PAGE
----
Ben & Noel Haggard
For fans of his late, legendary father, country music great Merle Haggard, his youngest son Ben is no Stranger – in fact, he’s been the lead guitarist in Hag’s longtime band of the same name for the past eight years, since he was 15 years old, fitting in easily with veterans like musical director Norm Hamlet and Scott Joss.
Ben was a regular on Merle Haggard’s recordings, took the stage with him and the Highwaymen (Willie Nelson and Kris Kristofferson) as well as Blake Shelton for a memorable performance at the 2014 Grammys and for the 2012 “All for the Hall” show besides two of his idols, Vince Gill and Keith Urban. Earlier this year, Ben was featured with the Strangers backing Toby Keith for a Merle tribute on the nationally televised American Country Countdown Awards. He also contributed versions of “Mama Tried” and “Sing Me Back Home” to 2014’sWorking Man’s Poet:Tribute to Merle Haggard album which also featured Toby Keith, Jason Aldean, Jake Owen, Luke Bryan and Dierks Bentley.
Kelly Willis is Back Being Blue, to take a color-coded cue from the title of her seventh album. It’s a shade she wears well, though long-patient fans might just say: You had us at back. They’ll take a new Willis record in whatever hue it comes, now that it’s been 11 years since her last solo release, 2007’sTranslated from Love. The Austin-based singer/songwriter has hardly been MIA in the intervening years, having recorded and toured as part of a duo with Bruce Robison. But she’s setting the duet aside for do-it-alone mode, at least as far as the spotlight is concerned. (Robison hovers just outside it this time, as producer.). Hers is a solo voice again, but it’s not necessarily sotto voce: This is an album of songs about lonesomeness that also happens to be a cracklingly good time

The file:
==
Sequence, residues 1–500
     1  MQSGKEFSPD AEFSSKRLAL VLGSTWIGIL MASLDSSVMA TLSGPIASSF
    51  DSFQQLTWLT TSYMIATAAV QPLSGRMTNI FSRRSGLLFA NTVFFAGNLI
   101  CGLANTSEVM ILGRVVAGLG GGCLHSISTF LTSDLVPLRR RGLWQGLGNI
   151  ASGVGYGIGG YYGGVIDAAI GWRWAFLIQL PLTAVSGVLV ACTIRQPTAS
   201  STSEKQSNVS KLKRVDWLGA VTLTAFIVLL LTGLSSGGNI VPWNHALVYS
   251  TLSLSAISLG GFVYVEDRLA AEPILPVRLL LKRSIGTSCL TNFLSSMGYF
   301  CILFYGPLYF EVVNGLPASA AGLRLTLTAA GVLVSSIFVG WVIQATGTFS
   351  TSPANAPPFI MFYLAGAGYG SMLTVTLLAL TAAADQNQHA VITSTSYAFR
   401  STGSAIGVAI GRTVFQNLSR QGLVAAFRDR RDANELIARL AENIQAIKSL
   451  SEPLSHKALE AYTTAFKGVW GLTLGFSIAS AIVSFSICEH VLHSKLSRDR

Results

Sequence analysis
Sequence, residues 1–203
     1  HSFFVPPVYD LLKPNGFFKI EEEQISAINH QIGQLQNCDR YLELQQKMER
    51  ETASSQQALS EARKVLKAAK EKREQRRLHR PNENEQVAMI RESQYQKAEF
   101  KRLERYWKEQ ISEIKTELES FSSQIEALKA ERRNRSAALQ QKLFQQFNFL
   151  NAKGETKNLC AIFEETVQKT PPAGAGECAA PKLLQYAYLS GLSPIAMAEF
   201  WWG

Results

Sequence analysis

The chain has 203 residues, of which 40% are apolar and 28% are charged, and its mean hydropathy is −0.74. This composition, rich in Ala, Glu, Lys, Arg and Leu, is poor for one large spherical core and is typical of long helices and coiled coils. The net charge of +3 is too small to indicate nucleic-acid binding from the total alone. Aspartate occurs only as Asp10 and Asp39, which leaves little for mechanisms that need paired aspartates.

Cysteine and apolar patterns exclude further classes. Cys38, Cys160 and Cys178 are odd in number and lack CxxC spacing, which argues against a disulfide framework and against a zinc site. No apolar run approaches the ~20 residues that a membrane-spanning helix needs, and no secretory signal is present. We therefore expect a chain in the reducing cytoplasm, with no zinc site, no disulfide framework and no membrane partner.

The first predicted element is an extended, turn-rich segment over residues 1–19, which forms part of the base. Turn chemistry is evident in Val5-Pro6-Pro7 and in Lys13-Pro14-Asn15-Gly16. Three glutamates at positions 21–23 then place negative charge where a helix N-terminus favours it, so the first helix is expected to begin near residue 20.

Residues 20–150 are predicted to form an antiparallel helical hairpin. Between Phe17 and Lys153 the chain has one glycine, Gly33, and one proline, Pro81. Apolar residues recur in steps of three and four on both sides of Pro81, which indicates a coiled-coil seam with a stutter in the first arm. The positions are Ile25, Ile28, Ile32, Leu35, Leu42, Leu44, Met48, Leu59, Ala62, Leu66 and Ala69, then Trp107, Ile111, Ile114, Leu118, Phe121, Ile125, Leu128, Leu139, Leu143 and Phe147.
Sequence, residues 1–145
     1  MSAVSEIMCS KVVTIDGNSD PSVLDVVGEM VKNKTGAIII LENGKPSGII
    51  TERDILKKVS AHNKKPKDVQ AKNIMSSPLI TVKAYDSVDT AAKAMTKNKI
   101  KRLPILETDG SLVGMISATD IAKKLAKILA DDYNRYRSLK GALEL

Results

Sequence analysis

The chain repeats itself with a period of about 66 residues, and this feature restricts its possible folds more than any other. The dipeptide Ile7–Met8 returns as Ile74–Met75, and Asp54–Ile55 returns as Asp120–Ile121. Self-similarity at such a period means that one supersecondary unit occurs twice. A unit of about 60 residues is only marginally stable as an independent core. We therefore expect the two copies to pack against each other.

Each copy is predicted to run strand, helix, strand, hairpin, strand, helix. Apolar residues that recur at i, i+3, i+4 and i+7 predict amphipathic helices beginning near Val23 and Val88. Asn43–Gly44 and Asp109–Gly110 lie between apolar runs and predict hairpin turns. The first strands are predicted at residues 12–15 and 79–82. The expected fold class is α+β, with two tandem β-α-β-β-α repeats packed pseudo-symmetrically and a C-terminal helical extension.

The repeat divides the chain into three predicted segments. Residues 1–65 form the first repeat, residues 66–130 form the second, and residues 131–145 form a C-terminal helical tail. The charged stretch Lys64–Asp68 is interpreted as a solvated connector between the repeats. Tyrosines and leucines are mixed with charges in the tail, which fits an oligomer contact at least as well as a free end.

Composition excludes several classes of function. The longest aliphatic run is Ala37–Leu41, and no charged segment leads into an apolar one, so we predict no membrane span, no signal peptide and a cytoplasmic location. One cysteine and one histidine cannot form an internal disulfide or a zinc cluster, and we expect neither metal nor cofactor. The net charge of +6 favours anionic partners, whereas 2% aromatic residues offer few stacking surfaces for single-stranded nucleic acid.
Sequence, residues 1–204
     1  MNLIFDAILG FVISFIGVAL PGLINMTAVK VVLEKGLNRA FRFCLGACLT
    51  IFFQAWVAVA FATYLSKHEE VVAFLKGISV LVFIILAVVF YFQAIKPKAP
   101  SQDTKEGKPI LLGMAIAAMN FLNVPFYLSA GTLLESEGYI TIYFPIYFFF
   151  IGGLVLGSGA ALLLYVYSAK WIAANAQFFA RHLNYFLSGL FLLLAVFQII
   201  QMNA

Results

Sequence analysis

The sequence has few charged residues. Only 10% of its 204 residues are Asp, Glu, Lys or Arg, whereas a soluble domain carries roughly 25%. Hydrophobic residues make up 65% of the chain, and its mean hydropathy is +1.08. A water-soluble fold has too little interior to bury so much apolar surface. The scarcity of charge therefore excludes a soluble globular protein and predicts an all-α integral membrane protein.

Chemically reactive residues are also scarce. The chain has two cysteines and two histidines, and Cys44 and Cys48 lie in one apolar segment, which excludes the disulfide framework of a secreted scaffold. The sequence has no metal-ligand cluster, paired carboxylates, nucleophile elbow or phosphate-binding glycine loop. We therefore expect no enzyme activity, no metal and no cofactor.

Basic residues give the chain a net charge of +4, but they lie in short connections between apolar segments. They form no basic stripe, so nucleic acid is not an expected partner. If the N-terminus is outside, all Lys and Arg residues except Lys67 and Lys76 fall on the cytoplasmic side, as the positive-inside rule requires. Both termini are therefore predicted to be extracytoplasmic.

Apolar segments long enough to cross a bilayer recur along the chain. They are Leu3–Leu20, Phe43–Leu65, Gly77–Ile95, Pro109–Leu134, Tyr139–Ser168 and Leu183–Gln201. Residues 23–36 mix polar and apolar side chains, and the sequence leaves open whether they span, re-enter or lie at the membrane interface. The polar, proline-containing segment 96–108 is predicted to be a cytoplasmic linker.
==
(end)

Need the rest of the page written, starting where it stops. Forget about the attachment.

Awash in full-throttle fiddle, weeping steel guitar, a sprinkling of heavenly backing vocals, and anchored by her warm, expressive vocals, Brennen Leigh’s latest album is an emotion-packed revelation. Rooted in vintage country, Ain’t Through Honky Tonkin’ Yet is an unapologetically beer- and tear-soaked homage to an era when hard-country weepers burst forth from AM transistor radios.
“I’m in love with this idea of the real Nashville, ” says Leigh. “The idyllic golden age, which, to me, is around 1967, 1968, because of the alchemy, the explosion that occurred, with the best country music songwriters ever, the best singers in country music.” The album’s country roots run deep, with guests like Marty Stuart and Rodney Crowell and a lineup of top-flight musicians, yet each track soars with abandon. With thoughtful, incisive lyrics and vibrant melodies at the forefront, Leigh has successfully created a modern gem, while honoring country music’s enduring golden era.